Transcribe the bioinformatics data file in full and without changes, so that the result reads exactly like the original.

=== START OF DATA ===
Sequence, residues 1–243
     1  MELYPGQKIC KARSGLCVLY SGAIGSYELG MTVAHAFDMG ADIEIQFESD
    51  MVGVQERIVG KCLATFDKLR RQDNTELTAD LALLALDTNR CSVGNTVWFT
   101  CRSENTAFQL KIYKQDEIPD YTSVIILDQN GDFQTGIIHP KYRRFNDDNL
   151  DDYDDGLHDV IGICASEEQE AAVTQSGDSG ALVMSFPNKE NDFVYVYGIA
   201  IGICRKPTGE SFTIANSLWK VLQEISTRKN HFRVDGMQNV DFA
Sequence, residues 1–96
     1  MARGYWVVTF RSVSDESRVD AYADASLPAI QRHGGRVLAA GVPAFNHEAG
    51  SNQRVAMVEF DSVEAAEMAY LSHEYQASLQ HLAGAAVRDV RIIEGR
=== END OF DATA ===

Sequence, residues 1–243
     1  MELYPGQKIC KARSGLCVLY SGAIGSYELG MTVAHAFDMG ADIEIQFESD
    51  MVGVQERIVG KCLATFDKLR RQDNTELTAD LALLALDTNR CSVGNTVWFT
   101  CRSENTAFQL KIYKQDEIPD YTSVIILDQN GDFQTGIIHP KYRRFNDDNL
   151  DDYDDGLHDV IGICASEEQE AAVTQSGDSG ALVMSFPNKE NDFVYVYGIA
   201  IGICRKPTGE SFTIANSLWK VLQEISTRKN HFRVDGMQNV DFA
Sequence, residues 1–96
     1  MARGYWVVTF RSVSDESRVD AYADASLPAI QRHGGRVLAA GVPAFNHEAG
    51  SNQRVAMVEF DSVEAAEMAY LSHEYQASLQ HLAGAAVRDV RIIEGR